Here is the situation that some federal employees find themselves in: the employee has previously brought a claim of discrimination and retaliation against the agency that they were working for, and the agency settled that claim through a settlement agreement. That settlement agreement included that the agency was going to remove disciplinary documents from the employees file. Years later, the employee applies for a new job and is mysteriously denied that job. The employee thinks that the agency failed live up to its commitments under the settlement agreement. What can an employee do?
This is the situation that a federal employee recently found himself in. In Tommy R. v. McDonald (Veterans’ Affairs), Appeal No. 0120162117 (EEOC 2016), Tommy suspected that the VA was in breach of its agreement with him to remove disciplinary documents from his file. He brought a claim for breach of the agreement directly with the EEOC’s Office of Federal Operations in Washington, D.C. He claimed that he was frequently being passed over in job applications, and this was likely because of the old disciplinary documents in his file. He did not, however, get a copy of his personnel file to see whether the documentation at issue had in fact been removed.
Lessons about getting the Agency to comply with a settlement agreement
The EEOC held that Tommy had not proven that the agency was in breach of its obligations under its settlement agreement with him. This case has a number of lessons that any Federal employee who has an active EEO settlement agreement with a federal agency should know.
- Find out whether there has actually been a breach. When an employee believes that there’s been a breach of the settlement agreement, there may be ways of finding out whether the agreement has actually been breached. For Tommy, he could have pulled a copy of his personnel file to check whether the discipline had actually been removed. By not doing this, he had no evidence that the agency had failed to live up to its commitment to remove the disciplinary documents from his file. Employees who believe that there is been a breach should immediately try to obtain evidence, if possible, that they can use to show a breach.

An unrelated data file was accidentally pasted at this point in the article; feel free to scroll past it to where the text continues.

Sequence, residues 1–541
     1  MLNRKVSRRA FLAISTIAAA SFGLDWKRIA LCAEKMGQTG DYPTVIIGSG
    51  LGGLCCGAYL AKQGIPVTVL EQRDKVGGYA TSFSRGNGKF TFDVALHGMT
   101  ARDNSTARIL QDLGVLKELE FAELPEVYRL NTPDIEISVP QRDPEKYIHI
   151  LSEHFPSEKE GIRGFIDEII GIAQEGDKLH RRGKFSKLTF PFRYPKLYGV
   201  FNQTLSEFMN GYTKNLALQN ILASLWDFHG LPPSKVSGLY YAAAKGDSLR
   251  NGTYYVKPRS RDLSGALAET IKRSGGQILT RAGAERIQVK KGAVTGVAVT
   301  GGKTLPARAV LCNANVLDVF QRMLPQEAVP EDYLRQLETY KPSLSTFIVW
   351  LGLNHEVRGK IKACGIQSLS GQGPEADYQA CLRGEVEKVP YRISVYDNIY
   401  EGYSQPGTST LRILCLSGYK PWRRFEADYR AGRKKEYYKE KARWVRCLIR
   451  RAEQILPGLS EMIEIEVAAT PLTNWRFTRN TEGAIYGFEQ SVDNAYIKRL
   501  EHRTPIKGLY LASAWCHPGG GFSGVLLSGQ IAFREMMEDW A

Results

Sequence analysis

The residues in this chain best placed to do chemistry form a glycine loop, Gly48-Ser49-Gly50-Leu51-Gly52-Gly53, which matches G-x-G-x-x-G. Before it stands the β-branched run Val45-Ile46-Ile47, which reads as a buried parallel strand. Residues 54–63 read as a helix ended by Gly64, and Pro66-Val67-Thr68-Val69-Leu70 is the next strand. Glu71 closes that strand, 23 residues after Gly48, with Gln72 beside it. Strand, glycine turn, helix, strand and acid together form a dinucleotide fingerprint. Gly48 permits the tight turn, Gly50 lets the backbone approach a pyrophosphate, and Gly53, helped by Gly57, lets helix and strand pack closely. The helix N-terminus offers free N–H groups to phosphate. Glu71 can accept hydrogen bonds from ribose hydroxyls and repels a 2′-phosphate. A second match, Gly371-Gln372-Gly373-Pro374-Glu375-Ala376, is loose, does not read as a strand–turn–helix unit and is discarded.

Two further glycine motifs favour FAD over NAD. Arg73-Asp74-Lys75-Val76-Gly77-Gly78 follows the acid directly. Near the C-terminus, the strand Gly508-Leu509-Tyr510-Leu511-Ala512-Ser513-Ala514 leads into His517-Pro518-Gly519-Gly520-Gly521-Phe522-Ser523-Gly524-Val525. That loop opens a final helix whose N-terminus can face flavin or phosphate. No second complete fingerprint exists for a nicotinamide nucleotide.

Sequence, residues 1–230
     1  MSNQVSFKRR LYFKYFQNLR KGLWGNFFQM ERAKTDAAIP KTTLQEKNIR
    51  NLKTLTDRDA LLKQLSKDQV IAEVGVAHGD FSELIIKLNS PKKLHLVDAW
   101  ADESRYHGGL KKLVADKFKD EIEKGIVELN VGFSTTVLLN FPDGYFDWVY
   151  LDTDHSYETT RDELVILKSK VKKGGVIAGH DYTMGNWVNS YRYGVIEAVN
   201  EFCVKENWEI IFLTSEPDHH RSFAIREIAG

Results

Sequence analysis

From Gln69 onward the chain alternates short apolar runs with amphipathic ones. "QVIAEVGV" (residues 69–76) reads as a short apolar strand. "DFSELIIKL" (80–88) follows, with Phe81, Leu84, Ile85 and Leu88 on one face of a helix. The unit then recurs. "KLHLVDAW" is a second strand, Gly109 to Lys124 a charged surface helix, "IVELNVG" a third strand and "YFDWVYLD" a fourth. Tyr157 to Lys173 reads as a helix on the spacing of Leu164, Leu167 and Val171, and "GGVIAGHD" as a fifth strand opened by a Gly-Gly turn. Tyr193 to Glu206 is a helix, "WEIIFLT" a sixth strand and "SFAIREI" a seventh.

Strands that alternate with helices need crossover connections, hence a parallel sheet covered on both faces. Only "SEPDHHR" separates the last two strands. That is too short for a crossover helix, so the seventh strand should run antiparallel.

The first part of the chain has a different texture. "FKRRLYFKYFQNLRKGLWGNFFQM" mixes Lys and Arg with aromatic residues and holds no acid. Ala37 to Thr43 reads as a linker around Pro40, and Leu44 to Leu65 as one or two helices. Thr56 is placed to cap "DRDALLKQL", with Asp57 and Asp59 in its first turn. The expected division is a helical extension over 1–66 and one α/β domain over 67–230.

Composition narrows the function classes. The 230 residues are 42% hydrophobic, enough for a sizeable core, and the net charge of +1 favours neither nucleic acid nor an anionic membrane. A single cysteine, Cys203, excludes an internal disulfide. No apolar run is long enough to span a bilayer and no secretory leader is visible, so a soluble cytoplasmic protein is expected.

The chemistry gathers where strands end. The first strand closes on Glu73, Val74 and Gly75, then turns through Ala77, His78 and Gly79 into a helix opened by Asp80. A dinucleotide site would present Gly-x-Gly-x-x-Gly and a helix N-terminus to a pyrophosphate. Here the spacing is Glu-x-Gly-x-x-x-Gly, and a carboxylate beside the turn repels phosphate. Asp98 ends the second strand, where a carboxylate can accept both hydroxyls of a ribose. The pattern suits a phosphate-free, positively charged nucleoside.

- File with the EEO Office Director at the agency first. Before an employee can bring a claim a breach of a settlement agreement to the EEOC, the employee must first seek compliance through the agency’s EEO Office Director. In Tommy’s case, he failed to contact EEO Office Director first before going to the EEOC. The EEOC’s Office of Federal Operations only deals with appeals after the federal agency has had an opportunity to review the case. An Employee cannot file first with the EEOC’s Office of Federal Operations. The EEOC can dismiss a case for failing to file with the EEO office director first.
- File with the EEO Office Director within 30 days. A federal employee only has 30 days after he learns of the breach of his settlement agreement to notify the EEO office director that the agency is in breach of its agreement. Even if the employee only suspects that there has been a breach of the agreement, the employee should still file within 30 days. Otherwise, the EEOC will not be able to hear any appeals if the agency continues not to comply with its obligations under the settlement agreement.
- Show how the agency breached its agreement. The EEOC is able to require the agency to live up to its commitment under the settlement agreement. However, the employee must show that the agency has actually failed to live up to its commitment. In Tommy’s case, he put two and two together and realized that when he applied for jobs within the VA in other locations, the hiring manager may have been relying on the documents that should have been removed from his personnel file. The problem for Tommy was that he could not prove based on his speculation that the agency had in fact failed to live up to the requirements under the agreement without evidence. He could have obtained this evidence by asking for his personnel file. The EEOC therefore could not conclude that the agency had breached its agreement with him, and dismissed the case.
This case shows shows how difficult it can be for employees to require federal agencies to comply with settlement agreements in EEO cases. The EEOC regulations require that employees jump through a number of procedural hoops and present legally sufficient evidence before the EEOC will act to require the agency to comply with the settlement agreement.
Having a lawyer on your side who is experienced in handling federal EEO matters greatly increases the likelihood that the EEOC will require the agency to comply with its obligations under settlement agreements. If you believe that a federal agency has breached its settlement agreement with you, you should act quickly to make sure that you meet the strict deadlines for filing with the agency and the EEOC.